From a flurry of last minute decisions I now find myself carrying all of my personal belongings on my back and without a home. A backpacker, I guess, is what others may identify me as, although I have never seen a backpacker that looks like me anywhere. Maybe I haven’t been looking hard enough, but I also don’t think I am the usual traveler. We hear of young European backpackers and slighted middle-aged white women who go to Bali on retreats to “find themselves.” But black girls out in the world? Where is that narrative? I’m an Asian girl as well, and I don’t know the representation for that. Do Asians backpack in the dominant cultural psyche? That doesn’t particularly matter as much to me, because the dominant cultural psyche I am used to is the American psyche, and Asians can get away with doing more things than black people can within this framework.
So I am a black girl in the world. And I don’t really know what to do with this. The world does not belong to me the way it does for others. I read an article recently titled: “Black Backpackers? Where are they in the World?” by a black traveler who cites a statistic that only 4% of frequent backpackers are African American (with of course the majority – 70%+ – being white). The statistic is becoming irrelevant in terms of time (it was published close to a decade ago), but how much has really changed? And how much does that matter if we don’t see or hear about black travelers anyway? Part of feeling a sense of belonging in the world is having your experiences and your stories be heard and validated, and most of us know that the voices of black people in general, and of black women especially have long been suppressed and skewed in favor of a cultural psyche that upholds and perpetuates white privilege.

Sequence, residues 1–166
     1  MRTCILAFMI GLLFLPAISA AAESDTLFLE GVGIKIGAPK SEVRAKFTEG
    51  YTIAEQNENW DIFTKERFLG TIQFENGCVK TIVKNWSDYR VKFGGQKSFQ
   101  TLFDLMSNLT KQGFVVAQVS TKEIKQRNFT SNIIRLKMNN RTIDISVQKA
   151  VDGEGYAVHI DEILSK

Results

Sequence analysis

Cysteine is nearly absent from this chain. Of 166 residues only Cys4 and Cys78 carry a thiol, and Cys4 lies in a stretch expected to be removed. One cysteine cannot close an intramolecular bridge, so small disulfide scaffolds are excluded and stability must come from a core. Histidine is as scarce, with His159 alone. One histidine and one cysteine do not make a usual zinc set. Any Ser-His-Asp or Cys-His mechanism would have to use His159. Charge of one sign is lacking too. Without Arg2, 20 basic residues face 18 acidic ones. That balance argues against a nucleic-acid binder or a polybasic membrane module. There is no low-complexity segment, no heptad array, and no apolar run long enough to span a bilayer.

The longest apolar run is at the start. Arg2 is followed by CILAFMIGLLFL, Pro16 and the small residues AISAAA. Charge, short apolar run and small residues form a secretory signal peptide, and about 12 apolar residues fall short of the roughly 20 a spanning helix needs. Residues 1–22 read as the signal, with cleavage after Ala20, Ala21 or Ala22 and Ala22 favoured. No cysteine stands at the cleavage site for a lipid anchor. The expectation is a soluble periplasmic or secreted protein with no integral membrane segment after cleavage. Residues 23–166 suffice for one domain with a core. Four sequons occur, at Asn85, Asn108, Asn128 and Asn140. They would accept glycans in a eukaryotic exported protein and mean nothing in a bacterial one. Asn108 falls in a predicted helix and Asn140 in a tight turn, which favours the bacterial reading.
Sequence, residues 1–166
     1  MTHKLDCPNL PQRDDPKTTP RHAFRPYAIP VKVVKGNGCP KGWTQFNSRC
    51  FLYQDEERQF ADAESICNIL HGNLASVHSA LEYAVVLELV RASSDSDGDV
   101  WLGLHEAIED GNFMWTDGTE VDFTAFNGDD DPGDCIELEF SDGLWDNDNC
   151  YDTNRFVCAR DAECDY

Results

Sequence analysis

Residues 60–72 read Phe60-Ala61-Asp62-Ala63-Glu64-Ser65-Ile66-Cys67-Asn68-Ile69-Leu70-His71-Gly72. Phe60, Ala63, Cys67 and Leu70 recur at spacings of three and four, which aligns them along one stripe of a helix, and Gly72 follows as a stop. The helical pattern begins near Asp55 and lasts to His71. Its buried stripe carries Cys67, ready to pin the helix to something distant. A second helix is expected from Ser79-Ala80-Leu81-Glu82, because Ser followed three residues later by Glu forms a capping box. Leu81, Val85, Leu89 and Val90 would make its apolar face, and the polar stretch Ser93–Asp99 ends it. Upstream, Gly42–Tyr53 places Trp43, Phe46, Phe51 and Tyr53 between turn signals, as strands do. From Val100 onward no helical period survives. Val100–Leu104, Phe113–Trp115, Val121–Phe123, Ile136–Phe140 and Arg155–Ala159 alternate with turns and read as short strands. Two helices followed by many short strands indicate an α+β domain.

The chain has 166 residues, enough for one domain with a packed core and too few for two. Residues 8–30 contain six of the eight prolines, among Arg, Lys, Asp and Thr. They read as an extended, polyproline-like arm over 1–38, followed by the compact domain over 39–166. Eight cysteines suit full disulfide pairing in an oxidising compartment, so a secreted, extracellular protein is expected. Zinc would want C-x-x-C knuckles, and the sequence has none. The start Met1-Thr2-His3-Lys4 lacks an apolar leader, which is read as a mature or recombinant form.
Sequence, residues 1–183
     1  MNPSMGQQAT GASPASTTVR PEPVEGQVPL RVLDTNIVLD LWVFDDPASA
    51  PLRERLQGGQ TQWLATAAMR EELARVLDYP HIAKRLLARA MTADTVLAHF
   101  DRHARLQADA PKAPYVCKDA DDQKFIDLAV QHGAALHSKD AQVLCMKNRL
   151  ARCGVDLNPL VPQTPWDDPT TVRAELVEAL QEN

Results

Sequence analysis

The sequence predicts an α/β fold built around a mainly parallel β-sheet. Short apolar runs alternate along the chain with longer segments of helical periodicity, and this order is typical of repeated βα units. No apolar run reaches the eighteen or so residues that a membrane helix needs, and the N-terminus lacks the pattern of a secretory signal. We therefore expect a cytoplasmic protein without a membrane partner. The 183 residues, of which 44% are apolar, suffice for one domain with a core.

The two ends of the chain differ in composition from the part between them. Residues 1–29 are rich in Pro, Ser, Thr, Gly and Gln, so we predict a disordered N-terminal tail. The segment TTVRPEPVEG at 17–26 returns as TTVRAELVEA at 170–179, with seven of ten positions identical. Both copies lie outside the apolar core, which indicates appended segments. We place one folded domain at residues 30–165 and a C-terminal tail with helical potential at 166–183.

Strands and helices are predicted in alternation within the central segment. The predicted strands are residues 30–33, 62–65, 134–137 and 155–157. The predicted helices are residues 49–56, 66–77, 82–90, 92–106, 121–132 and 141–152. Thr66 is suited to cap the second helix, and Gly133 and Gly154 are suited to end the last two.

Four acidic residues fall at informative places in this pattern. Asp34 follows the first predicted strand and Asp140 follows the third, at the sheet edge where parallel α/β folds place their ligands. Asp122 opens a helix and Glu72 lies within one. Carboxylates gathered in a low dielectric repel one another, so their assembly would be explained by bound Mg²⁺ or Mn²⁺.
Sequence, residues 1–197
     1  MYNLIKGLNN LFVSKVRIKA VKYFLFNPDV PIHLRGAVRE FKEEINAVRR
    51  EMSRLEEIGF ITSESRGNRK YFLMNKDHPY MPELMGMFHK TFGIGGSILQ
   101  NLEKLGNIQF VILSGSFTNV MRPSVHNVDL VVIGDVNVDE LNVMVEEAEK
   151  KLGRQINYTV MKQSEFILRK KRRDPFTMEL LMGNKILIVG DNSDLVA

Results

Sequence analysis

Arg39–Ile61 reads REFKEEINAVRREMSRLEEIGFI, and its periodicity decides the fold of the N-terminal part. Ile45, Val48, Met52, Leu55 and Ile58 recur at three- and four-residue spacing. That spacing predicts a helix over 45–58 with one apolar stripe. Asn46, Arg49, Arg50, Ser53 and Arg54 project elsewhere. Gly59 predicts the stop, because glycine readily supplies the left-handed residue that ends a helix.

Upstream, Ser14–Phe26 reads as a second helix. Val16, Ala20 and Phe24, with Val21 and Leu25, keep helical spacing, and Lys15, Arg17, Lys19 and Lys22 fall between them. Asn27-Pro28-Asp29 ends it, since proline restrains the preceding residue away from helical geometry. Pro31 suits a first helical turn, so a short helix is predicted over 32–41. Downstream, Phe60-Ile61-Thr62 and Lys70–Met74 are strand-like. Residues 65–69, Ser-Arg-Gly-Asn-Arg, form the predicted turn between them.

For me, my decision to leave the United States and be in the world is less of a story of trying to “find myself” the way that it can be for others, because when the society you come from already doesn’t validate your existence or see you as valuable, then “finding oneself” becomes quotidian behavior. I don’t fit into that framework nicely, nor do I particularly want to. Maybe I am just a bitter black bitch but “finding oneself” seems to be a white people pastime, a luxury for people for whom oppression has not forced them to search for their identity from the get-go, a choice for those privileged enough to have it. How ironic it seems to try and find yourself in a world that has already found you, but of course I understand the individual aspects of it. Those things just do not apply to me.
I didn’t leave the United States to find myself, I left because I am sick and tired of the shit the US keeps giving us daily – I left for self-preservation. How do we handle the constant trauma of oppression that we experience and remain functional and sane? I’ve forgotten details of race-related tragedies as a form of self-preservation; I’ve started to repress information that drives me deeper into anger and grief and helplessness. I had to leave the US because I didn’t know how to stop myself from being completely engulfed within the pit of rage that oppression fosters and from which love cannot grow. I didn’t leave to find myself, I left because of the repeated attacks on our lives as black people in the US, and the continuous devaluation of women, which is definitely also a global issue. One of the best things I can do to resist oppression is to affirm myself in the face of all that is dis-affirming, so I had to leave.